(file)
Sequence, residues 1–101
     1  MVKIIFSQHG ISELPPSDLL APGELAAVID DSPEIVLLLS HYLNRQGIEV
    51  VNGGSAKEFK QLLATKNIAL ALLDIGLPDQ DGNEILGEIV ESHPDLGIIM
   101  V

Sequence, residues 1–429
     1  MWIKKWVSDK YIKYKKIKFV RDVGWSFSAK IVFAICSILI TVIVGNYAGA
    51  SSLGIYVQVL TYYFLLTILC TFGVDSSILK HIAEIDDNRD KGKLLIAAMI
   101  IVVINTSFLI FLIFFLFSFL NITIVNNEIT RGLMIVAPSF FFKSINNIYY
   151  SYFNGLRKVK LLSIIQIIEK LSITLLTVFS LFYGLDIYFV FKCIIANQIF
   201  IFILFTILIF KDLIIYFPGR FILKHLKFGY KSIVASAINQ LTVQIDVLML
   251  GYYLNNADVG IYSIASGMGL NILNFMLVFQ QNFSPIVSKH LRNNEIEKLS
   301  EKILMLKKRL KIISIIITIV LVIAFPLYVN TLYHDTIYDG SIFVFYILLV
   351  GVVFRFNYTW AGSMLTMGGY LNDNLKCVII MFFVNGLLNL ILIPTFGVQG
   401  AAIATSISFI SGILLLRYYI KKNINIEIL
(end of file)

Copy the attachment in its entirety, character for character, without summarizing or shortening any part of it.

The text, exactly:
Sequence, residues 1–101
     1  MVKIIFSQHG ISELPPSDLL APGELAAVID DSPEIVLLLS HYLNRQGIEV
    51  VNGGSAKEFK QLLATKNIAL ALLDIGLPDQ DGNEILGEIV ESHPDLGIIM
   101  V

Sequence, residues 1–429
     1  MWIKKWVSDK YIKYKKIKFV RDVGWSFSAK IVFAICSILI TVIVGNYAGA
    51  SSLGIYVQVL TYYFLLTILC TFGVDSSILK HIAEIDDNRD KGKLLIAAMI
   101  IVVINTSFLI FLIFFLFSFL NITIVNNEIT RGLMIVAPSF FFKSINNIYY
   151  SYFNGLRKVK LLSIIQIIEK LSITLLTVFS LFYGLDIYFV FKCIIANQIF
   201  IFILFTILIF KDLIIYFPGR FILKHLKFGY KSIVASAINQ LTVQIDVLML
   251  GYYLNNADVG IYSIASGMGL NILNFMLVFQ QNFSPIVSKH LRNNEIEKLS
   301  EKILMLKKRL KIISIIITIV LVIAFPLYVN TLYHDTIYDG SIFVFYILLV
   351  GVVFRFNYTW AGSMLTMGGY LNDNLKCVII MFFVNGLLNL ILIPTFGVQG
   401  AAIATSISFI SGILLLRYYI KKNINIEIL